Twitter gobbles up TweetMeme button

Twitter is gobbling up the TweetMeme button as it absorbs another idea invented by a third party

Twitter is gobbling up another idea by a service building on its 140-character success. The popular microblogging network is introducing its own 'tweet this' button to Web sites that will post stories, pictures, blog posts and other online content to your Twitter feed. That sounds much like the TweetMeme button, and Twitter has in fact partnered with TweetMeme to make the new button work.

Twitter hasn't bought TweetMeme, and TweetMeme's own button will continue to exist, but we reckon it'll probably disappear as all involved focus their energies on the official version. TweetMeme founder Nick Halstead told the Telegraph that the British company will now focus on data collection, including a tool called DataSift that creates "Twitter lists for content rather than people".

The TweetMeme button allows you to quickly post a link to your Twitter feed. The clever little doohickey then tracks how often a story has been retweeted, even if it's been retweeted via other means. It's up there at the top left of every story here in Crave -- click it, go on.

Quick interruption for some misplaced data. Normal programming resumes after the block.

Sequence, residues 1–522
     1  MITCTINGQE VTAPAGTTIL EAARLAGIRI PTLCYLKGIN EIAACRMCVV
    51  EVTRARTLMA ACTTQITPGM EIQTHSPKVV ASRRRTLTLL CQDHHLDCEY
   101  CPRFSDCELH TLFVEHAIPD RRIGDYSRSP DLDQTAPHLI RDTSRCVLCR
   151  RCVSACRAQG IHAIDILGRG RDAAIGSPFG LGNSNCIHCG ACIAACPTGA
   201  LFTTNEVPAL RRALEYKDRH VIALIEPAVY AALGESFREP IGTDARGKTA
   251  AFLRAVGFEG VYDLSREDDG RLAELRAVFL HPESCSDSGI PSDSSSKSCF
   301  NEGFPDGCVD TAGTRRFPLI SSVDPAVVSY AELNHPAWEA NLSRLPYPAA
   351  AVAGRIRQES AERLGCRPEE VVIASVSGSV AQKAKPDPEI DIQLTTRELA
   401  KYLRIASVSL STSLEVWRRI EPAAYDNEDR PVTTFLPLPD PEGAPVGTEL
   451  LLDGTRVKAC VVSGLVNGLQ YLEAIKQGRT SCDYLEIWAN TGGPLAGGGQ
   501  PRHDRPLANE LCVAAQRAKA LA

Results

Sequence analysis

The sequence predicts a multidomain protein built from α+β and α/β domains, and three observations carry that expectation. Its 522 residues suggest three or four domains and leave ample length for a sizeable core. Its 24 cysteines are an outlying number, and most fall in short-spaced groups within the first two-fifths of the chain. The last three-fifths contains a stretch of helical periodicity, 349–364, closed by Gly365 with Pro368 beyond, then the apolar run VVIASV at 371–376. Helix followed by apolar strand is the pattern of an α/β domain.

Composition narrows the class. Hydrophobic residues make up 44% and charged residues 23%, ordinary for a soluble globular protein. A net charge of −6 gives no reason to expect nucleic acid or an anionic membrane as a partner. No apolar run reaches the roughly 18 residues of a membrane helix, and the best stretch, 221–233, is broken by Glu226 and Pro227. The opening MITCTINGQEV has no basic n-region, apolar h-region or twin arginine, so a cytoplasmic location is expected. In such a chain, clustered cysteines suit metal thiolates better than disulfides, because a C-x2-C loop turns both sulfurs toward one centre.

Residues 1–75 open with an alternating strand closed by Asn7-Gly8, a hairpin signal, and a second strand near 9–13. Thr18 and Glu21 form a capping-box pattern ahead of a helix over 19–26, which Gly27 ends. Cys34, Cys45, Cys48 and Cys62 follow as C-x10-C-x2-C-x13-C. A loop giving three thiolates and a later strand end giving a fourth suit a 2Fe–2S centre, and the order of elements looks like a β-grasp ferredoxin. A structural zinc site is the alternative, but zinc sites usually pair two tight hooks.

Our most retweeted story is our chucklesome April Fool's story about a time traveller at the Large Hadron Collider -- it's still being retweeted even now, although you'll have to take our word for it because we changed the URL in a site overhaul and our thousands of retweets disappeared. Stoopid site overhaul .

Twitter has long been criticised for having no discernable business model. Fortunately, that hasn't deterred venture capitalists from emptying their pockets into the microblogging service's coffers. Twitter's early success was largely due to the vast number of third-party apps and services that meant you could tweet wherever, whenever and however you wanted, as well as offering interesting twists on Twitter's core function.

In the last year or so, Twitter has launched a number of new features that basically cherry-pick the best of these ideas and build them into the site itself, including retweeting, geolocation and lists.

Tags:
Software
About the author

Rich Trenholm is a senior editor at CNET where he covers everything from phones to bionic implants. Based in London since 2007, he has travelled the world seeking out the latest and best consumer technology for your enjoyment.

 

Join the discussion

Conversation powered by Livefyre

Don't Miss
Hot Products
Trending on CNET

HOT ON CNET

Love heavy and clunky tablets?

Said no one ever. CNET brings you the lightest and thinnest tablets on the market.